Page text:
Pupils with autism from schools including Bedford Academy and Mark Rutherford write and illustrate two new books

“Both books are so honest”
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Children with autism from 17 schools in Bedford have helped create a pair of new books which let them have their voices heard.

Autistic youngsters wrote From Me To You – a series of letters written to either their younger selves, to other younger children, or their teachers.

And they both proofread and provided illustrations for Joe Loves Lego – which was written by acting engagement and development officer Holly Frassall. This takes the experiences of children with autism to tell the story of a young boy called Joe, explaining how he experiences the world, what life is like for him in the classroom, and his diagnosis.

The Joe Loves Lego teamThe Joe Loves Lego team
The Joe Loves Lego team

Both books are part of wider work by the Bedford Borough Council’s engagement team and the Autism in Schools Project improving the experience of children with special educational needs and disabilities (SEND).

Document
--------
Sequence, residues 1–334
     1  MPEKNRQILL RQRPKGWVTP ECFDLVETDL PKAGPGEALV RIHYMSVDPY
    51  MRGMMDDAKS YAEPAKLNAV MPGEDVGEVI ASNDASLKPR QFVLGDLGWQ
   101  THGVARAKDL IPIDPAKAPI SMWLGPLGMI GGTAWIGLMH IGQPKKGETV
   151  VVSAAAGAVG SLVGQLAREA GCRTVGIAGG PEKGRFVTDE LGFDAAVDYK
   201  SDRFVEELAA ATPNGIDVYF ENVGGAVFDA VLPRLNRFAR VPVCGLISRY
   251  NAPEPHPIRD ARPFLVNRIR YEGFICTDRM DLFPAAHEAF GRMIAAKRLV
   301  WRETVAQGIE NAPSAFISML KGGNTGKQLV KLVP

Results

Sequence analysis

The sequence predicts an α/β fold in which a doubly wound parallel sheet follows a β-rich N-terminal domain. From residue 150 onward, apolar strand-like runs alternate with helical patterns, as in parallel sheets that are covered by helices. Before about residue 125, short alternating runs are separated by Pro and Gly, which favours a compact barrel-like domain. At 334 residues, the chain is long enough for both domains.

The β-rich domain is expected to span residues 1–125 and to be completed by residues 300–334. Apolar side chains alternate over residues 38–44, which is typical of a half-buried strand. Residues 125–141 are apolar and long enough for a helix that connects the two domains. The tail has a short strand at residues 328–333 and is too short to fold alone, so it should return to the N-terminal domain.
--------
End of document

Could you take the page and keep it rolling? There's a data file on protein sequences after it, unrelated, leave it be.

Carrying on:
The schools involved were:

Mark Rutherford School

Lincroft Academy

St Thomas More Catholic School

Wootton Upper School

Wixams Academy

Balliol Primary School

Goldington Green Academy

Livingston Primary School

Westfield Primary School

Wootton Lower School

Bedford Academy

Castle Newnham School

Elstow School

Springfield Primary School

King’s Oak Primary School

Caudwell School

Wilstead Primary School

Holly said: “Having a story is always a good way to get a message across. I didn’t know of any books about children with autism in our classrooms. I spoke to young autistic people about their experiences of life in the classroom. We then shared it with the young people so that they could make more suggestions, before they drew the illustrations.”

The council has had 1,000 copies of each book printed, along with 600 teacher packs. These have been shared among schools, nurseries, libraries, and health services.

Hayley Mills, manager of the council’s engagement and development team, said: “Both books are so honest. Every child with special education needs is different. Some know that they have autism and absolutely own it, they see it as a superpower. Then there are others, like one boy who wrote on a piece of paper ‘I’m not a child with autism, I’m me,’ – that really had an impact on all of us. These two books are for all of them.”

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